Beginning in 2021, Giorgio Armani entered into a multi-year sponsorship agreement as an official supplier to Scuderia Ferrari. Armani will provide official and travel ensembles to members of the team in return for brand exposure and association with the world's number-one brand and most popular motorsport team.[27]

Personal life edit

Armani is an intensely private man, but has publicly identified as bisexual. He had a longstanding relationship with his business partner, the fashion designer Sergio Galeotti, who died of a heart attack in 1985. He has some relatives in the United States as well. Giorgio Armani spends much of his time according to family on his over 200 ft yacht and loves sailing.[28][29][30]

Giorgio Armani Honor at the Walk of Style, Beverly Hills

Honours edit

  •   Italy: Knight Grand Cross of the Order of Merit of the Italian Republic (14 July 2021)[31]

See also edit

References edit

  1. ^ Molho 2007, pp. 28–29.
  2. ^ Molho 2007, pp. 33–36.
  3. ^ Molho 2007, pp. 38–39, 41, 49.
  4. ^ Pizzi, Sara (16 May 2010), "Giorgio Armani", Vogue, archived from the original on 22 December 2015, retrieved 18 December 2015
  5. ^ Snead, Elizabeth (28 June 1987), "'The Untouchables': A Clothes Controversy", Sun-Sentinel, archived from the original on 22 December 2015, retrieved 18 December 2015
  6. ^ York, Lexington Armory New; States, NY United. "12 September 1996 - Eric Clapton & His Band". Where's Eric!. Archived from the original on 7 October 2022. Retrieved 14 November 2021.
  7. ^ Eric Clapton My Life – The Autubiography
  8. ^ "Giorgio Armani Designs Costume for Cayetano Rivera Ordonez for The Corrida Goyesca". Armani Press. 29 July 2008. Archived from the original on 11 July 2011. Retrieved 12 December 2010.
  9. ^ "Giorgio Armani". The World's Billionaires. Forbes. March 2012. Archived from the original on 5 April 2012. Retrieved 30 April 2012.
  10. ^ Craven, Jo (11 May 2011). "Giorgio Armani biography". Vogue. Archived from the original on 1 January 2011. Retrieved 11 July 2012.
  11. ^ "Giorgio Armani: the man who invented red-carpet dressing". The Daily Telegraph. 22 September 2014. Archived from the original on 27 April 2015. Retrieved 20 April 2015.
  12. ^ "Brazil mourns as anorexia claims another model's life". Reuters. 20 January 2007. Archived from the original on 23 February 2022. Retrieved 23 February 2022.
  13. ^ "Giorgio Armani brings haute couture live to Internet". EnjoyFashion. 25 January 2007. Archived from the original on 22 February 2007.
  14. ^ Fancye, Miss (1 May 2013). "Lady Gaga: 10 Most Outrageous Outfits". Archived from the original on 23 February 2022. Retrieved 23 February 2022.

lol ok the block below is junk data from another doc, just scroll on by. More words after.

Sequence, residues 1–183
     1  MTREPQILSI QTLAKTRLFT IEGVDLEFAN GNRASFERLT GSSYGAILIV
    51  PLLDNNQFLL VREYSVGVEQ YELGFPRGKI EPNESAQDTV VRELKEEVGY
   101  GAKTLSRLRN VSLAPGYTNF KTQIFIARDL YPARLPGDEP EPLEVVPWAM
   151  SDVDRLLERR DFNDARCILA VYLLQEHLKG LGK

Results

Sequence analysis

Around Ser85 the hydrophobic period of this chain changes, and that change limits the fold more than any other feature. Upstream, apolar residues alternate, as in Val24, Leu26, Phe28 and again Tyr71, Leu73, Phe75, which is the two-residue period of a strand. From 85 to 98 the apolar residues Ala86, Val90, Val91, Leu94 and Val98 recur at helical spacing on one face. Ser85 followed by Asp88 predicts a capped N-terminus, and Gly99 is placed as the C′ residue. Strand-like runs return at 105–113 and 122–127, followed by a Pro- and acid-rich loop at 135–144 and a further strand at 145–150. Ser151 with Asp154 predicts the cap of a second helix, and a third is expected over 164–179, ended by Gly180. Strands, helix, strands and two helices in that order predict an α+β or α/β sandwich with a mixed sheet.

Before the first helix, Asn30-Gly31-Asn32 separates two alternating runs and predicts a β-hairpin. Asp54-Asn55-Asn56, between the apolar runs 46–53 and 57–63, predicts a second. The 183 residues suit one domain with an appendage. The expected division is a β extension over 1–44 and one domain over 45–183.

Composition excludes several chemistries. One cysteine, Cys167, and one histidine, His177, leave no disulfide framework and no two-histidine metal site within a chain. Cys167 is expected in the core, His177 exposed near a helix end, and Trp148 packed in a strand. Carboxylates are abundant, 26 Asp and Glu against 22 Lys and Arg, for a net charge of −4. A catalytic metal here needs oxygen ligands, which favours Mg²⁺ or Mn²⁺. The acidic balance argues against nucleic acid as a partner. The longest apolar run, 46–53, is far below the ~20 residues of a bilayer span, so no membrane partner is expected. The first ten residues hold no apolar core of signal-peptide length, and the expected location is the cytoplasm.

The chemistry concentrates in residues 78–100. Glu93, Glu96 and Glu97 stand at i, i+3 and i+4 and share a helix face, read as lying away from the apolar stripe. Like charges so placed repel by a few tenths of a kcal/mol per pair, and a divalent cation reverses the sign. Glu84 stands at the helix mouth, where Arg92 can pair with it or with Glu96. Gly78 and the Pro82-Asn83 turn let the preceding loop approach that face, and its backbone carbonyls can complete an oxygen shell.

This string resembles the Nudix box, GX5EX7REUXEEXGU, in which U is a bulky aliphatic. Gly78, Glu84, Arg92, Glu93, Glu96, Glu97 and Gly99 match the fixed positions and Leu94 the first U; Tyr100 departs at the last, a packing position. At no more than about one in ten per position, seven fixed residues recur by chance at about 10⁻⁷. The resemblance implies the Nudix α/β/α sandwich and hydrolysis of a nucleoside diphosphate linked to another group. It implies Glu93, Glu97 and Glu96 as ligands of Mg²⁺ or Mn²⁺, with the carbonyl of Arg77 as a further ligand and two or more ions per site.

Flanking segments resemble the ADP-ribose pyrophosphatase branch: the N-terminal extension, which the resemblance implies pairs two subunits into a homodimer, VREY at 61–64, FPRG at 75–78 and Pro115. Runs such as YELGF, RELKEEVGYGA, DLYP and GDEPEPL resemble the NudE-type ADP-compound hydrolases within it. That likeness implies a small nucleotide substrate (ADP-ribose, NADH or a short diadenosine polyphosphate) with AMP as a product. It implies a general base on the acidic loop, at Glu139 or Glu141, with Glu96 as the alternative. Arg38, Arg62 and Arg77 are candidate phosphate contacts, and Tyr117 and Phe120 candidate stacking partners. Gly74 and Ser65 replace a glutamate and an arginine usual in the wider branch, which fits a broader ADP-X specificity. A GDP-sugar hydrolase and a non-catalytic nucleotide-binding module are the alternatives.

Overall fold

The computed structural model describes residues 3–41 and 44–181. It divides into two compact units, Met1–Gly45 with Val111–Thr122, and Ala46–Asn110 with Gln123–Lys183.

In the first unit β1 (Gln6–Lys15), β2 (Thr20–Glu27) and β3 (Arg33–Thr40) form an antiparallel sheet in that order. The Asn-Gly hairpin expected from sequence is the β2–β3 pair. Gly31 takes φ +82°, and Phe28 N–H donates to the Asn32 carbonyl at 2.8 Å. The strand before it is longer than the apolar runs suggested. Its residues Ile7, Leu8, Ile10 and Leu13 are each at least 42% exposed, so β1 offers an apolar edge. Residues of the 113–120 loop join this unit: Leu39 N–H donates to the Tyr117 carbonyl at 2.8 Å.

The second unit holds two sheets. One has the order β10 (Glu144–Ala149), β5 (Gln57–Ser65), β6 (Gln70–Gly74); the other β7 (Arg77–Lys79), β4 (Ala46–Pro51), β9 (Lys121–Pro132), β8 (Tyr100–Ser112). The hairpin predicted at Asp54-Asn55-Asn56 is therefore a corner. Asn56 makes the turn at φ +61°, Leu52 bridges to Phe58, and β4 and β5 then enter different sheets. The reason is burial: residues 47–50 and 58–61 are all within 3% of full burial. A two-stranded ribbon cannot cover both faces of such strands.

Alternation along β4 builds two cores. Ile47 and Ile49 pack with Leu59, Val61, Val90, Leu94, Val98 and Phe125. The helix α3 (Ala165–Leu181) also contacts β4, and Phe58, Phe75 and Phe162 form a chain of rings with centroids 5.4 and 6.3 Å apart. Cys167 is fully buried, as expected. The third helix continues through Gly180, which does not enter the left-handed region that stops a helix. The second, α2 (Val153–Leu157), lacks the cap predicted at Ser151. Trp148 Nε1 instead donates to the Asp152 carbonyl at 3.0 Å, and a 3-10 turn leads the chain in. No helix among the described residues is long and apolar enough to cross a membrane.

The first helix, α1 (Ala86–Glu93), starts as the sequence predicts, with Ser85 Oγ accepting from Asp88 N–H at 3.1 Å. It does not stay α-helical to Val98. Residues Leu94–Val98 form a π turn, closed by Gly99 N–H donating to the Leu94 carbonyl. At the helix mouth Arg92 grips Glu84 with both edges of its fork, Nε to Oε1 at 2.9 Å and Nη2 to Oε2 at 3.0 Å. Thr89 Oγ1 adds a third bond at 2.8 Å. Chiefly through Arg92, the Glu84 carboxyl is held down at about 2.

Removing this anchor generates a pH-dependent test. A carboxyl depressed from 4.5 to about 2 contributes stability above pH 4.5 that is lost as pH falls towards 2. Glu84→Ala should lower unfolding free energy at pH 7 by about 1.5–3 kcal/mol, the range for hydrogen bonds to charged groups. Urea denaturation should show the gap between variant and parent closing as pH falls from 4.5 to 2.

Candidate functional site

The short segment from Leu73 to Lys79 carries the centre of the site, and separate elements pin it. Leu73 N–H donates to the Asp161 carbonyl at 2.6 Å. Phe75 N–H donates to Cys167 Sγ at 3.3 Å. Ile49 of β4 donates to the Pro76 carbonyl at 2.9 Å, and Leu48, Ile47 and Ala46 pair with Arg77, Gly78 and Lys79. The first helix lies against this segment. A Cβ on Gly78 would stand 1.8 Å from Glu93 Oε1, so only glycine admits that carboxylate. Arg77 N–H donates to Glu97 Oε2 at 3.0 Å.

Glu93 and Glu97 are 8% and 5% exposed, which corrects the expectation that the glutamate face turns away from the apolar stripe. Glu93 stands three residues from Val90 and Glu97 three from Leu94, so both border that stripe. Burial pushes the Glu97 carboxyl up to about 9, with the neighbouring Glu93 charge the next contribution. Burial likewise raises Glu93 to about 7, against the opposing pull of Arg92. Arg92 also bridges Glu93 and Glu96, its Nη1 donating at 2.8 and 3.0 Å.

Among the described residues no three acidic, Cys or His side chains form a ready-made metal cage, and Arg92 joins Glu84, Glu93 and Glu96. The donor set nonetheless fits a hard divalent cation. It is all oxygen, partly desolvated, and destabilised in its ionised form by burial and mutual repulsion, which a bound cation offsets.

15. ^ "2010 MTV VMAs - Lady GaGa In Giorgio Armani & Franc Fernandez". Red Carpet Fashion Awards. 13 September 2010. Archived from the original on 7 April 2023. Retrieved 23 February 2022.
  16. ^ "Armani hotel opens in Dubai's Khalifa tower". Associated Press. 15 May 2012. Archived from the original on 1 May 2010. Retrieved 15 February 2013.
  17. ^ a b "Armani Hotels, Resorts and Residences official website". Archived from the original on 19 November 2010. Retrieved 15 February 2013.
  18. ^ "Armani Exchange owner Giorgio Armani: 'This is the strongest team I've ever had'". Archived from the original on 13 December 2023. Retrieved 13 December 2023.
  19. ^ a b Alexander, Hilary (19 May 2003). "Armani turns England out in a style that will suit Beckham". The Daily Telegraph. London. Archived from the original on 12 January 2022. Retrieved 14 July 2011.
  20. ^ "Giorgio Armani Biography". WhyFame. Archived from the original on 13 October 2007. Retrieved 14 July 2011.
  21. ^ PR Newswire on behalf of Giorgio Armani. "Giorgio Armani Presents New England Football Team Off-Field Wardrobe for European Championships". Archived from the original on 8 June 2011. Retrieved 10 July 2011.
  22. ^ Barnett, Leisa (3 August 2007). "An Excellent Pitch". Vogue. Archived from the original on 30 December 2011. Retrieved 14 July 2011.
  23. ^ a b Aldern, Natalie (13 July 2011). "Armani to Design Italian Olympic Uniforms". Italy Magazine. Archived from the original on 25 September 2011. Retrieved 14 July 2011.
  24. ^ "EA7 Shop Verbier | The Rock Shop". therockshop. Archived from the original on 23 February 2022. Retrieved 23 February 2022.
  25. ^ FashionUnited (7 August 2007). "Armani Lounge at Chelsea Football Club". FashionUnited. Archived from the original on 23 February 2022. Retrieved 23 February 2022.
  26. ^ "Armani To Design Chelsea Suits". Archived from the original on 24 February 2022. Retrieved 23 February 2022.
  27. ^ "Giorgio Armani and Richard Mille team up with Ferrari". Archived from the original on 9 July 2021. Retrieved 11 July 2021.
  28. ^ "Armani, Giorgio (b. 1934)". Archived from the original on 27 February 2015. Retrieved 24 April 2015.
  29. ^ Will Giorgio Armani be the Last Fashion Designer? Archived 23 March 2015 at the Wayback Machine New York. Retrieved 24 April 2015.
  30. ^ Giorgio Armani and Sergio Galeotti: A Love Story Archived 13 July 2015 at the Wayback Machine LuxeMag, 21 July 2010. Retrieved 24 April 2015.
  31. ^ "Le onorificenze della Repubblica Italiana". Archived from the original on 24 October 2022. Retrieved 24 October 2022.

Bibliography edit

Sources edit

External links edit